Weed Walk: What’s in a name?

1 May

This past Friday, I found myself waxing poetic as I watched a group assemble for Blanche Cybele Derby’s ‘weed walk’.   In Romeo and Juliet, William Shakespeare’s Juliet wonders about the power of names to shrug aside the stigma of a Capulet and a Montague falling in love. “That which we call a rose by any other name would smell as sweet.” I hoped the ‘weed walk’ would give me a new appreciation for plants I can spot right here at Smith, regardless of their names or titles.

Blanche was energetic, lively, and came prepared with a two-sided handout with a list of hints for the novice wild edible harvester and an impressive number of YouTube videos. I myself am not a botanist. I do not own any field guides and, while I have been in the company of those who collect wild edibles, I have never been the one with the knowledge or initiative to do so. I was curious to see what I could learn in a one hour ramble around Smith.

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Joining me were several students, some staff, and a number of  other members of the local community. Hearing their questions right out of the gate, I was sure I was the least experienced in the plant foraging arena. Blanche’s relaxed manner helped me feel welcome. As soon as we stepped out of the doors at the back of CEEDS she spotted several plants she wanted to tell us about. In fact, during the entire walk, we hardly made it 5 paces before she saw something else to point out.

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Blanche talked about making a drink from sumac flowers that tasted sweet and lemony when we pressed our fingers to the flowers to get a sample. She pointed out many plants that can be used in salads, and she recommended, whenever possible, “eat a salad every day.” Violets were one of the plants she recommended adding to a salad – a nice splash of color- , and she also suggested freezing violets in ice cubes for a fancy addition to a drink. Here is her video on Johnny Jump Ups.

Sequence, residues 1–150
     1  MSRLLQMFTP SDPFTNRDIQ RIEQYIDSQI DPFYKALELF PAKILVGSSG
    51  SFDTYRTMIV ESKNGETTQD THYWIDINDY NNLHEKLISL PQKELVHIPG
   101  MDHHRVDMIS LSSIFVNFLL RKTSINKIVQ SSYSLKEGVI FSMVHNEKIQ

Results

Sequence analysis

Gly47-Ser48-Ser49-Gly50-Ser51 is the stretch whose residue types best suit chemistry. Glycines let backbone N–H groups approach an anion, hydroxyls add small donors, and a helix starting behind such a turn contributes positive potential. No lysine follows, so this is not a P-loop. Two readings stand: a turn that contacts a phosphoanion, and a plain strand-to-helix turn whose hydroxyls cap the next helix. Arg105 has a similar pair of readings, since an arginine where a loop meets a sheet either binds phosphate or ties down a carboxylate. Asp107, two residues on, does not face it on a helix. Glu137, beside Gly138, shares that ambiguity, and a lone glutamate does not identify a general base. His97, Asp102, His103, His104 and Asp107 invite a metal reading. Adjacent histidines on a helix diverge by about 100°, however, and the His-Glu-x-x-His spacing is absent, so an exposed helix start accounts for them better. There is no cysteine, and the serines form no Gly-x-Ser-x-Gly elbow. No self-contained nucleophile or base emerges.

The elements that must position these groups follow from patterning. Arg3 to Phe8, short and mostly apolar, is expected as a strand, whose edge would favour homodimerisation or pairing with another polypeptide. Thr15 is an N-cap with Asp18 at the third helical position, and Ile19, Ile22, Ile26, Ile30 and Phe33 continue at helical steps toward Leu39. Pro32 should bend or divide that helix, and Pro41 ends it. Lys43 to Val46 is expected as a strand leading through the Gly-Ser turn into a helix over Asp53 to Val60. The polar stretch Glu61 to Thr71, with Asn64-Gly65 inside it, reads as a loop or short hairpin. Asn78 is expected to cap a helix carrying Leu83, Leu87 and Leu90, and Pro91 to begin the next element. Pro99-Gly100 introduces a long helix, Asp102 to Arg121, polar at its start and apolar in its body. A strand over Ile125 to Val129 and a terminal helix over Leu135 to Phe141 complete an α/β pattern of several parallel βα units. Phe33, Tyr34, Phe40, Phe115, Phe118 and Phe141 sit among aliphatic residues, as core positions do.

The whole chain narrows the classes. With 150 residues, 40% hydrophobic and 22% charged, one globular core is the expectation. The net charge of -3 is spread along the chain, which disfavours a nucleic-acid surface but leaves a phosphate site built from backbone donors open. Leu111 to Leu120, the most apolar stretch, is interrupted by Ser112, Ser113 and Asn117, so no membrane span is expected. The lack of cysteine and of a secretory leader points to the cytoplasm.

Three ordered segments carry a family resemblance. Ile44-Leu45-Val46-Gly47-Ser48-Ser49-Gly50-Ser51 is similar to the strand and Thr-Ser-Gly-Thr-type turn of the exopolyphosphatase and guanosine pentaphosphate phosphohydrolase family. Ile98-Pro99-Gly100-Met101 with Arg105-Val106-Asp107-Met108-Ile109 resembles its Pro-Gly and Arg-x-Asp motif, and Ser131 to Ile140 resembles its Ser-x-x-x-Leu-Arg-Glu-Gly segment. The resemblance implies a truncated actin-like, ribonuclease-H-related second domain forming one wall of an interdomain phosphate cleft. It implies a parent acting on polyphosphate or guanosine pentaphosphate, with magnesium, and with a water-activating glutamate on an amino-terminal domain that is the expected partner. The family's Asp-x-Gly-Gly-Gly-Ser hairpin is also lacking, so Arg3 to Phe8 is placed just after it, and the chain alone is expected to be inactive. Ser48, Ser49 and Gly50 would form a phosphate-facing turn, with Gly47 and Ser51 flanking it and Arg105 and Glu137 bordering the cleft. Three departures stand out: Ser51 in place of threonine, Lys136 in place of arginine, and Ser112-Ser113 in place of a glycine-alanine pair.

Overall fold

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We looked at Ostrich Ferns, located in a garden bed in the shade next to Sabin-Reed. The Ostrich ferns’ fiddle heads are supposed to be very tasty when cooked. Blanche told us some ways to recognize the fern: it has a groove in the stem, like celery, and it isn’t covered in fuzzy matter but rather an outer skin like an onion.  Here is one of her YouTube videos about the Ostrich Fern.

She also gave us tips on how to be a responsible forager: do not pick an area clean of the plant you are foraging since the plants need to be able to reproduce, and birds and animals also depend on them. As she talked, some people took notes, pulled up a plant to smell or taste it, took samples for help identifying them later, and asked her lots of questions. We tried members of the mustard family, talked about battering and frying dandelion flowers, what trees to keep an eye on for berries in early summer, and how tulips can be used as an edible container for appetizers (http://www.youtube.com/watch?v=dHv-rnhjB5A).

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Before we knew it, and despite having only made it a short way from our starting point, our hour was up. People milled about, asking questions, thanking Blanche, and trying to find out when they could go on another such walk. If you missed it this time around, Blanche has a website where she posts her walk schedule, www.tagyerit.com/freefood.htm. She also has links to more videos, recipes, and information on the films she has made. It was a great afternoon, filled with sunshine, new information, and inspiration to look to the unexpected, like weeds, for something exciting.

-Sara Kirk, Administrative Assistant, CEEDS

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